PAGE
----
Zambia arrests 55 in riots over cholera control rules

by Reuters
Friday, 12 January 2018 17:12 GMT

ARCHIVE PHOTO: A man crosses a stream in Ngombe slum, Lusaka, Zambia, August 07, 2015. THOMSON REUTERS FOUNDATION/Magda Mis

Image Caption and Rights Information
Zambia on Sunday declared a curfew in Kanyama township, which has been badly affected by a cholera outbreak

(Recasts with arrests, latest on cholera)

LUSAKA, Jan 12 (Reuters) - Police in Zambia arrested 55 people in Lusaka after residents rioted over a curfew and ban on street vending imposed to control a cholera outbreak, the government said on Friday.

The riots in the densely populated Kanyama township were sparked after police sealed off a market where trading had been banned on Sunday, when the curfew was declared.

Home Affairs Minister Stephen Kampyongo said at a media briefing that the residents smashed window panes at a local police station and set ablaze one motor vehicle.

Kampyongo said police managed to stop the unrest after battling with the stone-throwing rioters for about six hours.

"One of our (police) officers has been injured and 55 suspects have been apprehended," Kampyongo said, adding that the number of police in the area would be increased.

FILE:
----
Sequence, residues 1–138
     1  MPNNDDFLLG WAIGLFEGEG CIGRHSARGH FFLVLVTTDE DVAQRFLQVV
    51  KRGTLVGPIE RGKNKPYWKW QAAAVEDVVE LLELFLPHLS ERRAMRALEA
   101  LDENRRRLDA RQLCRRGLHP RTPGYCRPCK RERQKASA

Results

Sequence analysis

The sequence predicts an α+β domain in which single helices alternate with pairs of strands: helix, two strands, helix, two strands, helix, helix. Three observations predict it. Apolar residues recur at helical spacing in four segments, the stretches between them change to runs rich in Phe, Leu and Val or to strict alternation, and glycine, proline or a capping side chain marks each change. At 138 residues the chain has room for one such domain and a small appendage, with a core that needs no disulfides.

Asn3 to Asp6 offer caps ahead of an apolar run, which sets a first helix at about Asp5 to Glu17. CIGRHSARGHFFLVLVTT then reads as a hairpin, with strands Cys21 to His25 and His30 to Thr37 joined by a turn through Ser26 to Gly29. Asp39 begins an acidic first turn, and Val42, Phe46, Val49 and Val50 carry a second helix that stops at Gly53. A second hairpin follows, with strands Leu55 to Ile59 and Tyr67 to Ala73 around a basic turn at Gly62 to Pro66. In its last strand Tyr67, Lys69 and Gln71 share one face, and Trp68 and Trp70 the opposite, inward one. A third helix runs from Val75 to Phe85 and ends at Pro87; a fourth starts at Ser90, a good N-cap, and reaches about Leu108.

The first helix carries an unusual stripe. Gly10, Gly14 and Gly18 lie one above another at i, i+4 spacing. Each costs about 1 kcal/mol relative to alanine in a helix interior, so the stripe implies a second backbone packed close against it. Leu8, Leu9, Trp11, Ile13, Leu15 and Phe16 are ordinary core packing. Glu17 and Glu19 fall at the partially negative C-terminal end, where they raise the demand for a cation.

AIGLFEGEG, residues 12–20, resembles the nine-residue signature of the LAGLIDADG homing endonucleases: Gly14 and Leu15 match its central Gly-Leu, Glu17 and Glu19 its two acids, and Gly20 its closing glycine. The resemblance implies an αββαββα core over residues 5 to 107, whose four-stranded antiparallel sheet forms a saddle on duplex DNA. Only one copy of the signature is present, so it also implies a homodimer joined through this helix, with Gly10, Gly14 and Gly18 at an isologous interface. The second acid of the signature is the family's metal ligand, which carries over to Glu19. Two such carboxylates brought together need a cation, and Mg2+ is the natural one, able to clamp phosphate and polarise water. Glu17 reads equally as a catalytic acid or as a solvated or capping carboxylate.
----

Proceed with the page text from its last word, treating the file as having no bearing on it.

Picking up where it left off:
"All the public health laws will remain in full force."

Cholera has killed 70 people countrywide, including 67 in the capital, since it broke out in October, Health Minister Chitalu Chilufya said at the same briefing.

Street vending and public gatherings were banned across Lusaka to prevent the spread of the disease, but residents of Kanyama, where around 370,000 people live, have been defying the order at night.

The army was deployed after locals destroyed property and looted shops, state-run Zambia National Broadcasting Corporation said earlier. Reuters did not verify the report.

Peter Zulu, a local resident, said rioters had blocked Los Angeles Road, a major thoroughfare, and that police had fired tear gas to try to disperse them. (Reporting by Chris Mfula; Editing by Peter Graff)

Our Standards: The Thomson Reuters Trust Principles.